When a lot of people work together on software projects, a lot of things can go wrong. The book Ship It! by Jared Richardson and William Gwaltney Jr. introduces a number of techniques and tools to make software development teams more productive. During my time at the Sensory Motor Systems Lab, I was responsible for setting up a software development process for a small team. Therefore, most of the issues are well-known to me. And I guess, that we could have done much better by using more of the techniques described in the book.
This is probably the most important step. If everybody uses a different set of source code with some bugs fixed and others not, there is no current version evident. Moreover, one main developer has to puzzle together the pieces to produce the working version of the project. The intelligent usage of a version control system creates a sandbox for every developer. The source code and all other relevant files to make the project run are stored in a central repository. Every developer can check out the current version, work on a feature or bug, and check the changes back in. If the program is broken, an earlier version can easily be retrieved.
I have successfully worked with TortoiseSVN/Subversion, which integrates neatly in Windows Explorer. Subversion is based on a client/server architecture with one central repository and a number of local copies. Currently I have also tried MercurialHg/Mercurial, a distributed version control system. There is no central repository there, but a number of distributed repositories, that can be synchronized.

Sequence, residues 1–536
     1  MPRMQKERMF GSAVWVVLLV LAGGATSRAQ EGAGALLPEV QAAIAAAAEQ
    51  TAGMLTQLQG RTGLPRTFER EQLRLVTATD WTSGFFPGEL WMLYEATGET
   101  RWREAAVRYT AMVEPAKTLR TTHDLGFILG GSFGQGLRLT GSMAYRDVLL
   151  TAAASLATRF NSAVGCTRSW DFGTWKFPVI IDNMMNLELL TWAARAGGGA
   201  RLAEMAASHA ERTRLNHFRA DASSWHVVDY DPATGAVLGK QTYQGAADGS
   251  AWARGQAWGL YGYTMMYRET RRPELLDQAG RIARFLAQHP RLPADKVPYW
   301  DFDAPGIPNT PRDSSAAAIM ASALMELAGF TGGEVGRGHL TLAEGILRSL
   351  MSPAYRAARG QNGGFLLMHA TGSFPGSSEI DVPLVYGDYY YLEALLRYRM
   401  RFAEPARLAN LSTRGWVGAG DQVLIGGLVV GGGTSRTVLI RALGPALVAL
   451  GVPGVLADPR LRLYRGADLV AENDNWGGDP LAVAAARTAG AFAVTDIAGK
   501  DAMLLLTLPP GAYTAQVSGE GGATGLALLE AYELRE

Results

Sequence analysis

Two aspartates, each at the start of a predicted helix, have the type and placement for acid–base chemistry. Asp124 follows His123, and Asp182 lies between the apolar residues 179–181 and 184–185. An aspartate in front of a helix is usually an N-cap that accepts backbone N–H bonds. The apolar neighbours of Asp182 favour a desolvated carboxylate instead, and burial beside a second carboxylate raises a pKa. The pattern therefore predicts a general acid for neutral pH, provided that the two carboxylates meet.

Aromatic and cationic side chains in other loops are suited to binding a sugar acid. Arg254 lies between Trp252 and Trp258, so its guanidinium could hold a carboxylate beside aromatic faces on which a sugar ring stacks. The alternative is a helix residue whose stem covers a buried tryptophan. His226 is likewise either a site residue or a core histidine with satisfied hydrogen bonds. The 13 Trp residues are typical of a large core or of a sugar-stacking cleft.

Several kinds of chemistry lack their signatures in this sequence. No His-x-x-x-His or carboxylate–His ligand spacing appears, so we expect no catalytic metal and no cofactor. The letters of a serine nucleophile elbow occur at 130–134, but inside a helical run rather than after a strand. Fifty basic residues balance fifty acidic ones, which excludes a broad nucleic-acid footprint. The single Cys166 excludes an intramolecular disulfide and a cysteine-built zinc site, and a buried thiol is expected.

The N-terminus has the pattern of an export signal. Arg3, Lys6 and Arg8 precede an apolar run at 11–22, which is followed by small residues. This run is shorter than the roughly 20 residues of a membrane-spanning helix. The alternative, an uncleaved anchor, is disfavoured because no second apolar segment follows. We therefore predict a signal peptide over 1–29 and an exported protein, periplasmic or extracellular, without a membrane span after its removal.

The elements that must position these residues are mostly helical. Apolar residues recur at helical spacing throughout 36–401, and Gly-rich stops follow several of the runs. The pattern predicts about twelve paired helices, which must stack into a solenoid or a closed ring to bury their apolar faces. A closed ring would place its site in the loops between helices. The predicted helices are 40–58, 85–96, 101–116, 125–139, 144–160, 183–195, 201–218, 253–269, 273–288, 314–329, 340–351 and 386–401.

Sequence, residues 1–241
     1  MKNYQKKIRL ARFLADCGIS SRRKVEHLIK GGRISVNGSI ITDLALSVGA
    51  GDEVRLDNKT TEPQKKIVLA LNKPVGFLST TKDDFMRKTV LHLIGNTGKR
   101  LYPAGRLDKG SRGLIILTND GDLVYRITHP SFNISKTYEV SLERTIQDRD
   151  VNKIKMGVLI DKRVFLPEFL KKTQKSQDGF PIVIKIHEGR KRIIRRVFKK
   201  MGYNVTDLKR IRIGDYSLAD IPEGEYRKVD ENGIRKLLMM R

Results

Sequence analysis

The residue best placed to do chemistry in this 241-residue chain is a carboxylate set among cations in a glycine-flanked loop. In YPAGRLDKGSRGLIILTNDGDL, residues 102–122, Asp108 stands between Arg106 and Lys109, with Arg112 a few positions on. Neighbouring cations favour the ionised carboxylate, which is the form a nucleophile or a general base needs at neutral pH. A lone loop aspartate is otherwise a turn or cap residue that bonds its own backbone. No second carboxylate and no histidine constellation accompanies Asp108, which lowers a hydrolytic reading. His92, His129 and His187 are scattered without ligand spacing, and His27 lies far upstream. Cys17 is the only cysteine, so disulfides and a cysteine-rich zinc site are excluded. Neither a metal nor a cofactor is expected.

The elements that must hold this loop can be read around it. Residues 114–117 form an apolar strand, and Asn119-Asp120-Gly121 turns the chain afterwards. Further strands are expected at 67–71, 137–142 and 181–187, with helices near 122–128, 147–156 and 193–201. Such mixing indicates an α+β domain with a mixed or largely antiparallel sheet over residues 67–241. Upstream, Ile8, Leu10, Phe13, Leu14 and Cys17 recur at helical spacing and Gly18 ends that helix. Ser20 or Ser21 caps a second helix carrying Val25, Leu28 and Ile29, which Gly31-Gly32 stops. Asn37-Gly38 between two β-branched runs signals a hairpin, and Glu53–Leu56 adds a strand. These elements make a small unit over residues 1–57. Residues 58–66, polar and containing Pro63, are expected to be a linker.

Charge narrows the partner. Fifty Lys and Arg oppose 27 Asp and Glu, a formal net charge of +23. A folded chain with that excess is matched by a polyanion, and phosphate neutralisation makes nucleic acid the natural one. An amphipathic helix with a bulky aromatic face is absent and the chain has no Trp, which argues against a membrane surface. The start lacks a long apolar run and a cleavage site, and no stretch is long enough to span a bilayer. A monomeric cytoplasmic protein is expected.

The next step is to create one script for building the complete project, which runs on every system alike. The script file should be versioned as well (see version control above). At my earlier job, we had not quite achieved this step and used our IDE instead (Visual Studio). But this also worked quite well after adding all needed files (DLLs) into the project folder.
To notice errors quickly, the project should be rebuilt automatically whenever someone commits new code. This is called continuous integration and thought to reveal integration errors quickly. On a first level, the correct compilation is tested. With unit tests, also the functionality of the code can be tested. Most continuous integration systems can create notifications in several formats (email, RSS feed, web page).
Tracking issues and features
As soon as you have a version of your software out at the costumers, bugs (or issues) will be reported. The best way to handle this is to use a tracking system.
This was already mentioned in continuous integration. A set of automatic tests needs to be run to track errors in the project early. Automated tests also prevent you from accidentally reinserting fixed bugs in your repository.